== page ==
Despite Ukraine truce, US keeps tough line on Russia
The United States warned on Thursday that it would maintain economic sanctions imposed on Russia over its intervention in Ukraine until the terms of a peace plan are fully implemented.
Ukraine's President Petro Poroshenko had announced on Wednesday that a "real truce" had begun in the east of his country, where Kiev's forces had been battling pro-Russian separatist rebels for more than a year.
But Victoria Nuland, US Assistant Secretary of State for European and Eurasian Affairs, told US lawmakers that Washington's measures to punish Moscow for its actions against its neighbor would remain in place for now.
Nuland told the Senate Foreign Relations Committee that Moscow must now implement the terms of the Minsk peace agreement of February 2015, which lays out a plan to demilitarize the conflict and seek political compromise.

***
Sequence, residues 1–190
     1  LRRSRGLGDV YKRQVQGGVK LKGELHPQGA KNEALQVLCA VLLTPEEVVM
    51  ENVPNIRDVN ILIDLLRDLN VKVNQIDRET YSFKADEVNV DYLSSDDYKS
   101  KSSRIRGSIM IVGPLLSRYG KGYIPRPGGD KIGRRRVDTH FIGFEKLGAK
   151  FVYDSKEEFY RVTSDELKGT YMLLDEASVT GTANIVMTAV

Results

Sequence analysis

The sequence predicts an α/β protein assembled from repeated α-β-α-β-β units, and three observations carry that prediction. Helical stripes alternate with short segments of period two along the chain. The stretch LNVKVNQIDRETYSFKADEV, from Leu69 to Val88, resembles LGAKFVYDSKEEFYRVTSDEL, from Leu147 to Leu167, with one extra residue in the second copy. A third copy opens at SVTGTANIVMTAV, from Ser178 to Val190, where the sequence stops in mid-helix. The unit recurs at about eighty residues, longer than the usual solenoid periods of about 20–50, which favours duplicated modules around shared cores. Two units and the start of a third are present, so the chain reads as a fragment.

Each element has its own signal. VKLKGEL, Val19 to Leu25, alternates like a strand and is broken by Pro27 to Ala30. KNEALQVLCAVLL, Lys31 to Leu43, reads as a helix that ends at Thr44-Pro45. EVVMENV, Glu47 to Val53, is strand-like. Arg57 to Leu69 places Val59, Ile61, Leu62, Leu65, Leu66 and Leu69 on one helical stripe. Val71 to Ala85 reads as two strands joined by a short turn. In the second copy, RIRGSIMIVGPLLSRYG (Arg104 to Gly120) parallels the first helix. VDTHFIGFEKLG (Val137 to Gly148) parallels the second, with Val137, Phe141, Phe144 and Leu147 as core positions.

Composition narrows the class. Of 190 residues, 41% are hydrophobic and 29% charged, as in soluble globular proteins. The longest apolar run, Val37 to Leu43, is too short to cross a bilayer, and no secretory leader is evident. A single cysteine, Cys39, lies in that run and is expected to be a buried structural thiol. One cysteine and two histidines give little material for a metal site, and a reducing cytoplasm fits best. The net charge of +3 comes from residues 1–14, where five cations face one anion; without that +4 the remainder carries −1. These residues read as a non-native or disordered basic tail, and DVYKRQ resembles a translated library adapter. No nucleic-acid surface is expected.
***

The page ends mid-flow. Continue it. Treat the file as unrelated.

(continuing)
And she warned that a second set of sanctions imposed on Russia after it formally annexed the Ukrainian region of Crimea would remain in place until President Vladimir Putin agrees to withdraw his forces.
"We will judge Russia and the separatists by their actions, not their words," she said.
"We will work with the EU to keep sanctions in place until the Minsk agreements are fully implemented.
"And of course, Crimea sanctions remain in place so long as the Kremlin imposes its will on that piece of Ukrainian land," she said.
The Minsk agreement, signed between Kiev and Moscow and brokered by Berlin and Paris, foresees the withdrawal of heavy weapons from the battlefield and a vote held in the separatist region under international auspices.
"If these commitments are kept -- if weapons are pulled back and stored, if the OSCE gets in, and legal, monitored elections are negotiated and held, Ukraine will once again have unfettered access to its own people and its territory in the East," Nuland said.
"That's what Minsk promises: peace, weapons withdrawal, political normalization, then a return of the border."
© 2015 AFP